Time-distanced gates in long short-term memory networks.

The Long Short-Term Memory (LSTM) network is widely used in modeling sequential observations in fields ranging from natural language processing to medical imaging. The LSTM has shown promise for interpreting computed tomography (CT) in lung screening protocols. Yet, traditional image-based LSTM models ignore interval differences, while recently proposed interval-modeled LSTM variants are limited in their ability to interpret temporal proximity. Meanwhile, clinical imaging acquisition may be irregularly sampled, and such sampling patterns may be commingled with clinical usages. In this paper, we propose the Distanced LSTM (DLSTM) by introducing time-distanced (i.e., time distance to the last scan) gates with a temporal emphasis model (TEM) targeting at lung cancer diagnosis (i.e., evaluating the malignancy of pulmonary nodules). Briefly, (1) the time distance of every scan to the last scan is modeled explicitly, (2) time-distanced input and forget gates in DLSTM are introduced across regular and irregular sampling sequences, and (3) the newer scan in serial data is emphasized by the TEM. The DLSTM algorithm is evaluated with both simulated data and real CT images (from 1794 National Lung Screening Trial (NLST) patients with longitudinal scans and 1420 clinical studied patients). Experimental results on simulated data indicate the DLSTM can capture families of temporal relationships that cannot be detected with traditional LSTM. Cross-validation on empirical CT datasets demonstrates that DLSTM achieves leading performance on both regularly and irregularly sampled data (e.g., improving LSTM from 0.6785 to 0.7085 on F1 score in NLST). In external-validation on irregularly acquired data, the benchmarks achieved 0.8350 (CNN feature) and 0.8380 (with LSTM) on AUC score, while the proposed DLSTM achieves 0.8905. In conclusion, the DLSTM approach is shown to be compatible with families of linear, quadratic, exponential, and log-exponential temporal models. The DLSTM can be readily extended with other temporal dependence interactions while hardly increasing overall model complexity.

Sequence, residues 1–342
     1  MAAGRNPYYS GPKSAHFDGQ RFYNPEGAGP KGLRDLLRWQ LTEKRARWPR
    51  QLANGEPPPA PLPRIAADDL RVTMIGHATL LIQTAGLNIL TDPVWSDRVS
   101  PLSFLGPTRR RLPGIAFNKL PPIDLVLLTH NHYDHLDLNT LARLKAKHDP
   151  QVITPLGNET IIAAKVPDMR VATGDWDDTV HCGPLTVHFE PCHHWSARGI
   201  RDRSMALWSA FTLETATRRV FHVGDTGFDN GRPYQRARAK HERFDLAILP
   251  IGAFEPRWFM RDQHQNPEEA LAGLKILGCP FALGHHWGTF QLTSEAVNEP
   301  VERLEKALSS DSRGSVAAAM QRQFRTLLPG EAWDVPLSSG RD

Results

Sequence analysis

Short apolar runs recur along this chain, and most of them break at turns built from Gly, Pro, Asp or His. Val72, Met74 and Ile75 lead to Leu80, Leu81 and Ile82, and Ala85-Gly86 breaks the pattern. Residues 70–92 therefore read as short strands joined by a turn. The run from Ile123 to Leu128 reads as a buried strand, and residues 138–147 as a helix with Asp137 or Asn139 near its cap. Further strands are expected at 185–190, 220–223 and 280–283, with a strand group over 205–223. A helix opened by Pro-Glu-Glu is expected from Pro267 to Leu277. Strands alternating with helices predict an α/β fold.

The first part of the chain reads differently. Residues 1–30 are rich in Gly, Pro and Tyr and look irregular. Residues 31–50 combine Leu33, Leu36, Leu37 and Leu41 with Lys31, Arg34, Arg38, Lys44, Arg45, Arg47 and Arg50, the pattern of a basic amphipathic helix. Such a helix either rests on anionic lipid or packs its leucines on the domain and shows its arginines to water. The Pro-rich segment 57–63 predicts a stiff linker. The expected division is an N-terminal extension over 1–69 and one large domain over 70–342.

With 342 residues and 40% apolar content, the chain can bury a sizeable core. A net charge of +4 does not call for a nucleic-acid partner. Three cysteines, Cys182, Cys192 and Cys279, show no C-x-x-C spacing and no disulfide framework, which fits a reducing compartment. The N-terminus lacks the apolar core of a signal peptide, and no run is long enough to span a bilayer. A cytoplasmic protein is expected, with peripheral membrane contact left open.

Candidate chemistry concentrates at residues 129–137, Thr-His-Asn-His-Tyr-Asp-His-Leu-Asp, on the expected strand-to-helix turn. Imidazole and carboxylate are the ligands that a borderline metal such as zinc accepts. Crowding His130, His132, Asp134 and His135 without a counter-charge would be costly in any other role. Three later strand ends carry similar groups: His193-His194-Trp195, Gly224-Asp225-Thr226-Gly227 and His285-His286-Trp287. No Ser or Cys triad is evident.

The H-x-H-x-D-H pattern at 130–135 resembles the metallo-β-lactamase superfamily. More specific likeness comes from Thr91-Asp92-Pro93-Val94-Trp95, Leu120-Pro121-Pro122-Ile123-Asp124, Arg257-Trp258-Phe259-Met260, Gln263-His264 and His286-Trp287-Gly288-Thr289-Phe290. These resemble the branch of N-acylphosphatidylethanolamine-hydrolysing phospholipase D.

Antic SL, Bao S, Deppen S, Epstein ES, Gao R, Huo Y, Landman BA, Massion PP, Paulson AB, Sandler KL, Tang Y, Xu K


Med Image Anal, 2020, 65

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